1951: This was the first year the SMW/ASJA published a newsletter and there was only one, dated December 13. It was typewritten of course, and the first headline read: “Why a News Letter?” [sic] Prophetic answer: “To fill in for absent members and pave the way for… chapters that may someday be started by members who branch off to other cities.”  The newsletter also announced that The Society of Magazine Editors had agreed to publish its first anthology of member’s articles with Henry Holt for a not-so-whopping (in those days) advance of $1000. The newsletter was signed “Phil Gustafson, Editor for a Day,” because he and his family were going to Europe, while he took on a gig as a magazine writer for a government agency. Llewellyn Miller was to be his replacement; the upper-right hand corner bore his handwritten address in “New York, 19.” This was before six-digit zip codes and dinosaurs still roamed the earth. (I can say this because I was 11 months old at the time.) There was no mention of dues but membership stood at 22.

1958: Although still typewritten and apparently mimeographed, the newsletter had grown to monthly editions, with a yearly total page count of 114 (we are a group of writers after all). Still the SMW, their tenth anniversary party proved to be a huge success, with “more than 200 writers, spouses, editors, and PR people” at the famous Toots Shor’s, with floor entertainment including comics Elaine May and Mike Nichols “a young pair of demonic social satirists,” who went on went onto the national spotlight on Broadway and in Hollywood. Top magazines were represented: The New York Times Magazine, Parade, Saturday Evening Post, Newsweek and many more. “Everyone agreed it was one of the finest… soirees of the Xmas season.”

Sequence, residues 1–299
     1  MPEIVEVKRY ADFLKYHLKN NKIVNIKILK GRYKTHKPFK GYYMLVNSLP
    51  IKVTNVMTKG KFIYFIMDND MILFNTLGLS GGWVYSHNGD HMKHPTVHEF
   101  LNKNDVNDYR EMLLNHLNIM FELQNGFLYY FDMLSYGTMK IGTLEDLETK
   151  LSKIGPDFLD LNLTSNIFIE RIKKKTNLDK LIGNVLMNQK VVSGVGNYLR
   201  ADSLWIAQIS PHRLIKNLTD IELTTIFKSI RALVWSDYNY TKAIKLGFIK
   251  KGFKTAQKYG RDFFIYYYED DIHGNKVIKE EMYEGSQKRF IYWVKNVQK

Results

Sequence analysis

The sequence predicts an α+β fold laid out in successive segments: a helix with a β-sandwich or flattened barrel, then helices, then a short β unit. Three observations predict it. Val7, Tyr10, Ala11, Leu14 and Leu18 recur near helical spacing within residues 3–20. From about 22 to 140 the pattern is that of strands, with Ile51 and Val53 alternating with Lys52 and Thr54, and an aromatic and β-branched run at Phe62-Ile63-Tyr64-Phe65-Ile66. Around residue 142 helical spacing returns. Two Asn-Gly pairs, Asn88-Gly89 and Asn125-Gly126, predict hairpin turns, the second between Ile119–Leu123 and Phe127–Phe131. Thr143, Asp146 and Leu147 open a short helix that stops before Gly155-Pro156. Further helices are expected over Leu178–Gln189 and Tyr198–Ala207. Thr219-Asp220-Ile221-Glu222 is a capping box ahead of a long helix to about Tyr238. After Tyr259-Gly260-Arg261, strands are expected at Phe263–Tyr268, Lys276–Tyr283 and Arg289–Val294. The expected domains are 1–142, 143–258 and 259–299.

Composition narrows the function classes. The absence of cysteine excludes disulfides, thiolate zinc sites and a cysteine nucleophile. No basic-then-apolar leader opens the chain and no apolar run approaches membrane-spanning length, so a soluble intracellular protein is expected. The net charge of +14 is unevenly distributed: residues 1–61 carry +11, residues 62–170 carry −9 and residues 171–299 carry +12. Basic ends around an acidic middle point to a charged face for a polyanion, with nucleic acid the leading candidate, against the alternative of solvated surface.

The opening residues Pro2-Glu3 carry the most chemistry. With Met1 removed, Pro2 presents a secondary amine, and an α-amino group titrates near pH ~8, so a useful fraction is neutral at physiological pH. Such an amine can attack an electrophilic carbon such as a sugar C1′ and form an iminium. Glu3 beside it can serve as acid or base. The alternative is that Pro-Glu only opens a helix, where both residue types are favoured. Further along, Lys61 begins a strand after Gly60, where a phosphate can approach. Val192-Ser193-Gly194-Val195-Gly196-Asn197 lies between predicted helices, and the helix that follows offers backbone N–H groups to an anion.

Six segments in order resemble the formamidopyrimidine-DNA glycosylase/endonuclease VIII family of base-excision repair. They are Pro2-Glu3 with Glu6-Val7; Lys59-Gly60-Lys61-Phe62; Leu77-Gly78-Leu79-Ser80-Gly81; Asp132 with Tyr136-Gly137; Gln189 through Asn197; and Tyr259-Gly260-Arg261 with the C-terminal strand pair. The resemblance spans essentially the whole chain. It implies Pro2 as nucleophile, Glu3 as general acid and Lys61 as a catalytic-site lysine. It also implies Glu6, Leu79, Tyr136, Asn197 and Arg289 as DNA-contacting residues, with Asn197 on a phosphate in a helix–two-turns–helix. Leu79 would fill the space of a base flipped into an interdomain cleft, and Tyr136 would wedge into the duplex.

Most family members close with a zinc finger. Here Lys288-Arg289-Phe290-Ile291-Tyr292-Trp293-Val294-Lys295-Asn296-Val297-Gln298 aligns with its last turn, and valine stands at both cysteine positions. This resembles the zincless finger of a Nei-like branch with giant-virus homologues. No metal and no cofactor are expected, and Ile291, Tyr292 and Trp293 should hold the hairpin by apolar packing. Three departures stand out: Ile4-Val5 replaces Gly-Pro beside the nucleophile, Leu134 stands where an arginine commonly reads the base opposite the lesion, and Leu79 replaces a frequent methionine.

Also unchanged was the main focus: rounding up and pinning down editors and assignments, with detailed market reports, information on writing competitions, and “Strikeovers,” news about the comings and goings or members and editors, some form of which has always been a staple of ASJA. Other concerns included getting group health insurance, taxes for freelancers, and building up the Writer’s Fund, which was in the low four figures at the time. There were 152 members and dues were $35 for those within a 200-mile radius and $20 for everyone else in flyover country. Ouch.